I know that this may seem self indulgent, but the transplant clock is a ticking. Plus, although it will not be emotional for you, it is an emotional subject for me, so it is easier for me to write it down rather than to say it. Secondly, I hope it’ll save me from telling people the same thing over and over again, forgetting who I have said it to, and thus bore you into silence.

Before I get going, I would like to thank those of you who have organised and/or participated in recent activities. To everybody else who I have not been able to see, I thank you for still continuing to care. It’s all very much appreciated. More generally, I had hoped I would have been freer from this for longer, but that was not the plan, so I thank you for still being around.

I am going to try to keep this brief, but who am I kidding, I can never be that brief. 

The Plan

1 April
I will go to UCH on Wednesday morning, when all being well, I will be given the high dose chemo. I will initially be staying in ambulatory care, also known as the hotel, with my mother. 

Thursday is known as ‘Day 0’ in the biz and this is the day I have the transplant. 

3 April onwards
I will be in Ambi Care until the poop starts or my temperature hits 38, or I show any other type of illness. There is no real way of knowing how long this will take, last time I was out for 5 days, but that means nothing.

Once I am sick, I will move into the tower on the 13th or 16th floor.  They say expect to be in for 3-4 weeks, but last time I was in for 10 days… I know which option I would prefer. 

My hair will go FYI. My feelings towards this are surprising. I did not anticipate this much dread, but the dread is there. I’ll be shaving it off after I have had the chemotherapy, maybe on Friday. If anybody fancies doing this for me, let me know? I have George’s clippers.

On Discharge
Once I am well enough to go home, I will be heading back to BLANK until I am well enough to reasonably look after myself. I say ‘look after myself’, what I actually mean is able to return to the flat and only rely on BLANK for a few things instead of everything.

During the time between transplants, I doubt I will be able to do that much. Afternoon trips to the Picturehouse might be doable. Definitely/maybe no alcohol. As with everything else, we will just have to see.

For those of you with birthdays during this time, I will endeavour to attend, but do not hold it against me if I do not. 

June/July
I will go to St Bart’s for the second transplant. Initially I will be an outpatient, there is a chance I will remain one for the whole procedure, the odds they gave me for this are 50/50. 

Don’t let this outpatient nonsense fool you. Whilst the risk of a particular negative result is no longer 40%, it is still high. Those figures are not based on the first few weeks after the cells are introduced, it is based on the months (and I mean months) after and whether my body decides to completely reject my sister’s cells. If this happens, it happens, but fingers crossed it will not. Best to say that now, so you have realistic expectations. It may not be an operation, but it’s a serious thing.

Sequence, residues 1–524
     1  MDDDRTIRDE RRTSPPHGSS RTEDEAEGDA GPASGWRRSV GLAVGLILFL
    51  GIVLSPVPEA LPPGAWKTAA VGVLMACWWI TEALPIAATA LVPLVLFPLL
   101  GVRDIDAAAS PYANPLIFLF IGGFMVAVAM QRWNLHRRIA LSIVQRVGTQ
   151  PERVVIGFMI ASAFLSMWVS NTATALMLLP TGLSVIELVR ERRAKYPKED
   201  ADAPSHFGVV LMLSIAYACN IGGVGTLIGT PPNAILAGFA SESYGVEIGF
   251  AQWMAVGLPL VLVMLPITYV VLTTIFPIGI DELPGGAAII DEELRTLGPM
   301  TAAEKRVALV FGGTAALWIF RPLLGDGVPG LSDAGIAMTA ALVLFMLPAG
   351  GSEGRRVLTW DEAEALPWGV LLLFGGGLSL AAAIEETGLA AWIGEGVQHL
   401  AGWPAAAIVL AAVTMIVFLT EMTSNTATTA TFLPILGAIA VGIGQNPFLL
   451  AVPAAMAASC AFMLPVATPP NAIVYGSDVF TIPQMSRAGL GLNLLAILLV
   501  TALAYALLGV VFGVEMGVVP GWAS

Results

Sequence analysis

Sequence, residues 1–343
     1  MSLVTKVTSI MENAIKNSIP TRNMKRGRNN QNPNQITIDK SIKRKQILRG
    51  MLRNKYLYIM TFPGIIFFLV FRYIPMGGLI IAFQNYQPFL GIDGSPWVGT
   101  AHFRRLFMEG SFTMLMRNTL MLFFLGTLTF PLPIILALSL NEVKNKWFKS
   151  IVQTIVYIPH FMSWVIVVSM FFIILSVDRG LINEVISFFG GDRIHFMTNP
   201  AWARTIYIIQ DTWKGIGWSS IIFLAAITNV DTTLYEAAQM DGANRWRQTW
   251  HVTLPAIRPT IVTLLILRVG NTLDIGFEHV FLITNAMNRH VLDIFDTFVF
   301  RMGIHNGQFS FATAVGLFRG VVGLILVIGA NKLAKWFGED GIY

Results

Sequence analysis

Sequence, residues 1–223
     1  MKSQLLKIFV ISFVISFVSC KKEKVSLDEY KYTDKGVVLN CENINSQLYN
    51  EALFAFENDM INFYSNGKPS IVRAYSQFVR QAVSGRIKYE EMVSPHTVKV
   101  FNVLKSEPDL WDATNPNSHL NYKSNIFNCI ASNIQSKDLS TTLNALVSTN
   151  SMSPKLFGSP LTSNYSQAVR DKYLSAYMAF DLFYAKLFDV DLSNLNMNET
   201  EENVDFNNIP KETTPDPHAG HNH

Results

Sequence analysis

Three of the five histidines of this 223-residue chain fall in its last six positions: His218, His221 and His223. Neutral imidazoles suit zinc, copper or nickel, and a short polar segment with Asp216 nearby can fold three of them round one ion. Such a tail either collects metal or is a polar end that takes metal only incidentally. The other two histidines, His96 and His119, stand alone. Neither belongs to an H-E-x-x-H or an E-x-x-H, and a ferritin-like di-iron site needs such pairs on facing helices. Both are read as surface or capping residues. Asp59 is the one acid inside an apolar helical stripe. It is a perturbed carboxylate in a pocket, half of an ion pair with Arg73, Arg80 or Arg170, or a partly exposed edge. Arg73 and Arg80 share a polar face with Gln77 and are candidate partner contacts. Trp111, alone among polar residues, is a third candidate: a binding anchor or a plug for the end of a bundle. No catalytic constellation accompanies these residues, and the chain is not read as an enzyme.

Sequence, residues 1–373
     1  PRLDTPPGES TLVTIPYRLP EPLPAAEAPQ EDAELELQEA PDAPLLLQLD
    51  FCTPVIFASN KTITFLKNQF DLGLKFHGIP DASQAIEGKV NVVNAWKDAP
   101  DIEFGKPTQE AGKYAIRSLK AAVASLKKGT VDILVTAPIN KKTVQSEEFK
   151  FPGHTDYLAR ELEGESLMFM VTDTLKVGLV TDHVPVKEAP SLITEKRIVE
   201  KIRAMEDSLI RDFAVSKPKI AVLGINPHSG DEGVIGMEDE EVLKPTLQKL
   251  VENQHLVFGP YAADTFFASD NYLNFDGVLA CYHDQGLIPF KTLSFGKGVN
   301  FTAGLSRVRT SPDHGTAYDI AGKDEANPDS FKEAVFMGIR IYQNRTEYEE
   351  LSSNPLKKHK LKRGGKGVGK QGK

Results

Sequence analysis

I have been told that the best case scenario post number 2 will be rashes and gut problems, with a side of fatigue. I’m hoping to go back to being a size 16. Anecdotally, the fatigue is something I have not yet experienced. I am afraid of this the most. I am afraid of only having the energy to lie in bed for months on end and become bitter. I do not want to become bitter.

I’ll hammer this point home, the recovery is going to be long. Real long.  The guidance says no international travel for two years, but I think this must be wrong. 

Hospital Visits for Transplant 1

Whilst I am in the hotel, I will be accompanied by my mum or sister. On Wednesday, I imagine I’ll be too tired when it is all done and I’ll just want my bed, so no visitors that day unless you want to watch me suck ice cubes during the day. 

Thereafter, I will be able to receive and I will need visitors.

As I’ll need my mother a great deal throughout the year, I have said she does not need to be around too much whilst I am in hospital. This will mean that I will need visitors, because being stuck in a room for 10 days (or more) is extremely isolating. 

Here is the problem, I may well not have the brain capacity to schedule your visits. At the start, I’ll be better at it, but when the pooing and vomiting starts, I’ll probably find texting back stressful. I’m not sure how to resolve this issue, other than just ask you to come and hope I’ll be free. Or you can organise it amongst yourselves. Not practical I know, but I’m just anticipating the worst case scenario.

There are no visiting hours, although the mornings are when the doctors do their rounds and when the cleaners come. You probably do not want to see them.

It sounds obvious, but if you feel unwell, do not come. I will have no immune system. Don’t buy me anything.

In between visits, feel free to keep in contact, I’ll be tired and might not always reply right away, but text messages are always fun.

You

After my release, I will be suffering from fatigue. It’s a word you will get bored of. The fatigue, as I said earlier, will get worse after the second transplant. I am not exaggerating when I say that getting over the last transplant’s fatigue was the hardest thing I have ever done. It makes it quite difficult to trust my emotions.